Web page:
They may not come in the form of an intimidating figure like Buzz. They will come in the form of success and failure.

Yes, success and failure in your personal brand can both bully you. They can shake you up. They can toss you around. They can prevent you from not only doing what you want to do, but being who you want to be.

Ritz-Carlton Yourself as a Person to Defeat Personal Branding Bullies

I was recently listening to a podcast featuring the founder of The Ritz-Carlton luxury hotel brand.

The Ritz-Carlton story is a fascinating one.

The podcast interviewer asked this question of the Founder. “How do you get the vision and mission of your brand from the Boardroom into the conscious of every team member in such a large organization?”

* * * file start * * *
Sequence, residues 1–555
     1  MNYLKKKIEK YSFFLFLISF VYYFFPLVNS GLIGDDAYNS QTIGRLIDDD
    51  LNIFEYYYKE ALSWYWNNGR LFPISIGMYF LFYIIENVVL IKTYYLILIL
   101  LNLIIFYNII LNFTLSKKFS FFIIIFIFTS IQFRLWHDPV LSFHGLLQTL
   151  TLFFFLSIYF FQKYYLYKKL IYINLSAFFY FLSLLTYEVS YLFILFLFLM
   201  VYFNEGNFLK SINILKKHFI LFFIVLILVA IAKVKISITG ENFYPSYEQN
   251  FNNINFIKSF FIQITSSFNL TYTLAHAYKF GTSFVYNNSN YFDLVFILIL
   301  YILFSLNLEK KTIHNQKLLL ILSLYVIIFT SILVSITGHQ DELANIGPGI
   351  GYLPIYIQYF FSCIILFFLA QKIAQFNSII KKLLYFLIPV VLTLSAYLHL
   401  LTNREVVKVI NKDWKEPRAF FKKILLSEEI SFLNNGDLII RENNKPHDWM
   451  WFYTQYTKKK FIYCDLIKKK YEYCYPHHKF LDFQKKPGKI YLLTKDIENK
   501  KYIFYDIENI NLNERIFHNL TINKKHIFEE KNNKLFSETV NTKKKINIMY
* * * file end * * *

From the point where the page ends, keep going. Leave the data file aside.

Check out his insightful answer…

The first day anybody comes to work, we teach them who we are. We don’t teach functions [IE tasks, processes, or practices]…
—Horst Schulze, Founder of The Ritz-Carlton

His answer jumped out at me. My headphones almost popped out of my ears.

He starts with Who…and I couldn’t agree more.

Who is where you start if you want to defeat the bullies of success and failure in your personal branding journey.

Simon Sinek’s “Why” Matters…Depending on Who You Are

Simon Sinek is famous for teaching us Why Matters. I love his work on this subject.

It is critical for your personal brand. Why are you doing this? Why aren’t you doing something else? What is compelling you forward?

But there’s another question you should ask. Because I believe Why depends on Who. Especially for personal brands.

Let me explain…

One Hop This Time

First, there is only ONE hop between Why you do what you do as a personal brand, and Who you are.

Big brands and corporations are different. There are often numerous hops between Why and Who.